Defense questions huffing charges in fatal crash
The defense attorney for a Highland Park woman accused of huffing a cleaner before driving into and killing a 5-year-old girl is questioning the constitutionality of the charges in the case.
Defense attorney Doug Zeit said he will file a motion within two weeks challenging the charges filed against Carly Rousso, 19, because the chemical she allegedly inhaled, difluoroethane, is not considered intoxicating in some states.
Zeit said Illinois officials have not definitively ruled on the chemical. However, he said, Wisconsin officials determined in 2012 that difluoroethane is not an intoxicating compound and, therefore, people cannot be convicted of driving while intoxicated for "huffing" aerosol fumes.
"There's no other case like this in Illinois," he said. "We'd be remiss if we didn't challenge the constitutionality of the charges."
Rousso faces four counts of aggravated driving under the influence of an intoxicating compound and reckless homicide for her role in the accident that killed Jaclyn Santos-Sacramento in September 2012.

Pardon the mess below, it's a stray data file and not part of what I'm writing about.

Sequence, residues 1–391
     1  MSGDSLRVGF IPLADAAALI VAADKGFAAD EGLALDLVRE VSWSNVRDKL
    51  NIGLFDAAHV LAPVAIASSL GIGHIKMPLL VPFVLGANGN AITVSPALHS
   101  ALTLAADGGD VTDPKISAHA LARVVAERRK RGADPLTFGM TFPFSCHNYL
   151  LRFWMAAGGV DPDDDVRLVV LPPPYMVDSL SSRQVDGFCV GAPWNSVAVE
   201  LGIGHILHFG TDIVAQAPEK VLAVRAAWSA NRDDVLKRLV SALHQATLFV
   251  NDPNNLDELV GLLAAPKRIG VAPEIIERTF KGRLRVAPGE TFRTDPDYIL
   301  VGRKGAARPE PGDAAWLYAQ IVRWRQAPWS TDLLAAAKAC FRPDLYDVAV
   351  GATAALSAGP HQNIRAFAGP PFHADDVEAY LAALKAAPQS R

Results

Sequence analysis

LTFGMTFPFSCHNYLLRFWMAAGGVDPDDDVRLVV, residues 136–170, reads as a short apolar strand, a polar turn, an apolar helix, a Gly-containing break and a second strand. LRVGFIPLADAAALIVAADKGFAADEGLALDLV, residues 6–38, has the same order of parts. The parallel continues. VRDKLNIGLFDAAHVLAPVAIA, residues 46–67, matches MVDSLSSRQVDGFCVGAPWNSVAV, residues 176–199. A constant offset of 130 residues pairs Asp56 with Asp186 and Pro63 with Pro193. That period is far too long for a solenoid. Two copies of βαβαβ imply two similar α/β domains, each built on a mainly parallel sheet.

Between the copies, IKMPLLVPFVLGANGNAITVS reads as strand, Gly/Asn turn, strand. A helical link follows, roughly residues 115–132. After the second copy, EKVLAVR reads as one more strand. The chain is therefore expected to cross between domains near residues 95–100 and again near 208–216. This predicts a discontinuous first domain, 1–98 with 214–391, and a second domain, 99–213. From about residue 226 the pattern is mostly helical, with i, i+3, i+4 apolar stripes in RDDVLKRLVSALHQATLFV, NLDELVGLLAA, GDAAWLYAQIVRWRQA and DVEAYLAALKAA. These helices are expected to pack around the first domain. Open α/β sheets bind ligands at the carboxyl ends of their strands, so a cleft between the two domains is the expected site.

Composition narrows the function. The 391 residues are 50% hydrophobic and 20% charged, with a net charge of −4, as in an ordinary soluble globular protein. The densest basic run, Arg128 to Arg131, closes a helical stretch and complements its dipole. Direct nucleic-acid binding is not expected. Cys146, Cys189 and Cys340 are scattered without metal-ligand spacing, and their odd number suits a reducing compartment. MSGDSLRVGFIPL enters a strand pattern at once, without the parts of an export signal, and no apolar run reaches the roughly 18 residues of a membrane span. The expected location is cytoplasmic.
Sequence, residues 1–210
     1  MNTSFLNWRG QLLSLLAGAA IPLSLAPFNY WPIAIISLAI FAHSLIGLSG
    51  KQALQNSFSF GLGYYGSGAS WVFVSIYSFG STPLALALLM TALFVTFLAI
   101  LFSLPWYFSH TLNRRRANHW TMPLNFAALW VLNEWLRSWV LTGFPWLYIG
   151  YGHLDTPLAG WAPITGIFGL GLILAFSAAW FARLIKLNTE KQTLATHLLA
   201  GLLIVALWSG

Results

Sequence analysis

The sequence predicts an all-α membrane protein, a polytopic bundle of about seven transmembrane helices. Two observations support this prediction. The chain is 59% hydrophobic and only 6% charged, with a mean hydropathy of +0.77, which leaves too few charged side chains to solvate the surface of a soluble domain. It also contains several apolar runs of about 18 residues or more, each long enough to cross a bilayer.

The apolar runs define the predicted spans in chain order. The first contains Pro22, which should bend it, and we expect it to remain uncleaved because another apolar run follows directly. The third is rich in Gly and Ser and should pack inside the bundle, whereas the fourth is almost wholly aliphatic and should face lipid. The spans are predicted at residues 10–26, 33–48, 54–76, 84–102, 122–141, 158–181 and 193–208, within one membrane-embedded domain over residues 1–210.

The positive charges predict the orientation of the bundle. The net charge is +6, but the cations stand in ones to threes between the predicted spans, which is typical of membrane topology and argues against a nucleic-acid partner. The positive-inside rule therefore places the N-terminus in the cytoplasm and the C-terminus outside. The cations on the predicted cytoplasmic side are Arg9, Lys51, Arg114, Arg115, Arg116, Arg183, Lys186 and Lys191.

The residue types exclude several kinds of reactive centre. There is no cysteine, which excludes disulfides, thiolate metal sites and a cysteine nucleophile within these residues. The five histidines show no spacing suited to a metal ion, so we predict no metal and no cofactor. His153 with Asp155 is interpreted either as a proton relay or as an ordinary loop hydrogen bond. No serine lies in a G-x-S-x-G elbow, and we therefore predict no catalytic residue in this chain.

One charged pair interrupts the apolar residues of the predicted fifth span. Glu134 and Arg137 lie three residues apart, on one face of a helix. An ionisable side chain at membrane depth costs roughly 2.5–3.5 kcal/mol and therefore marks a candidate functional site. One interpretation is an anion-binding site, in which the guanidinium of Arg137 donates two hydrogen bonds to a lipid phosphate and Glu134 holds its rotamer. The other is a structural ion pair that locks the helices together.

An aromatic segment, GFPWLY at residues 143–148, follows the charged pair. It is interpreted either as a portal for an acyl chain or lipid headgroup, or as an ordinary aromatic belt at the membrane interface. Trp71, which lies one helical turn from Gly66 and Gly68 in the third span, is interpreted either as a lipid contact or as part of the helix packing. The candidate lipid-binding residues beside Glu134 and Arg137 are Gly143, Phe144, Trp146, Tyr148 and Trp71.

Authorities said Rousso was sniffing computer dust cleaner moments before crashing a family-owned Lexus into Santos-Sacramento and her family as they walked on the 700 block of Central Avenue in Highland Park.
The girl's mother and two brothers also were injured.
Rousso could spend 26 years in prison if found guilty of the most serious charges.
Rousso was in court Thursday despite questions as to whether she would appear. She missed her last court appearance after she checked herself into a Chicago-area hospital for treatment of post-traumatic stress disorder.
Zeit also said he has requested a conference with prosecutors to negotiate a plea deal.
Assistant state's attorney Michael J. Ori said he is delaying that conference until after he reviews the constitutionality motion.
Rousso's trial is scheduled to begin Sept. 27. Both sides are expected back in court Sept. 18.